Microsoft plans to turn off half the firewall in Windows Vista when the new operating system ships later this year because it doesn't think most users need all the firewall's functionality or can handle its management.
Although Vista's firewall will ship with both in- and outbound filtering capabilities, the latter will be disabled by default. Corporate users, however, can turn on outbound if they wish.
“Inbound filtering is on by default and outbound filtering for applications is configurable by enterprise administrators through Group Policy,” said a Microsoft spokesperson.
Microsoft has been promoting Vista's firewall as better than XP's because it's able to stop both incoming attacks and filter outbound traffic.
But with it enabled only for incoming data, the end result is a defence identical to Windows XP SP2, which has an incoming-only firewall that's automatically enabled.
Selective outbound blocking has been offered by other firewall providers, including Symantec and ZoneLabs, for years.
The tactic is used to stop unauthorised programs from accessing the Internet, and touted as a way to prevent spyware from transmitting stolen data to criminals, even if the spyware gets past other protection and burrows its way onto a hard drive.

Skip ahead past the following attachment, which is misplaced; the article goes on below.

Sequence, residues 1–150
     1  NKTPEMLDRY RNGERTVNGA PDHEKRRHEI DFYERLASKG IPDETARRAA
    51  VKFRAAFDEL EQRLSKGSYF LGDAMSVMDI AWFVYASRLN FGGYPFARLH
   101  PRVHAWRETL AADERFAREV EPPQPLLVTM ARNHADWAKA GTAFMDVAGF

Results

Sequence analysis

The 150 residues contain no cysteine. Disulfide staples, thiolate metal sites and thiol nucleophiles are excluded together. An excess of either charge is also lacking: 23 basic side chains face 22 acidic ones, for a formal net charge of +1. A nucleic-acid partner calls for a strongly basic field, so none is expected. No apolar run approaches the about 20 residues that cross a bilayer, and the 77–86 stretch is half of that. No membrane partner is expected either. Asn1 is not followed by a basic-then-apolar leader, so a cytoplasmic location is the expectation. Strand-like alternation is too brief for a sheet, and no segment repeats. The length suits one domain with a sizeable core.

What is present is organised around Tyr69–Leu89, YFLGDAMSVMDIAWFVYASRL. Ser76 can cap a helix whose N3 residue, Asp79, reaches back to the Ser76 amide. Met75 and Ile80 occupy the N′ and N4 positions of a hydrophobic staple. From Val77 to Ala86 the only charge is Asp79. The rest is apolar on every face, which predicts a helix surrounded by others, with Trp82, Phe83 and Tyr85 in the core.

Still, Peter Pawlak, an analyst with US-based Directions on Microsoft, believes Microsoft's taken a “reasonable position” to disable the outbound capabilities of the Vista firewall.
“It's bad enough with anti-virus and anti-spyware scanners, which ask you to make decisions based on information that you don't have any idea what it's talking about,” said Pawlak.
“But I just can't imagine individuals dealing with outbound protocols and ports on their own. The idea of an outbound firewall is pretty darn technically tricky for the average user.”
Vista to handcuff firewall
By Gregg Keizer on Apr 28, 2006 10:36AM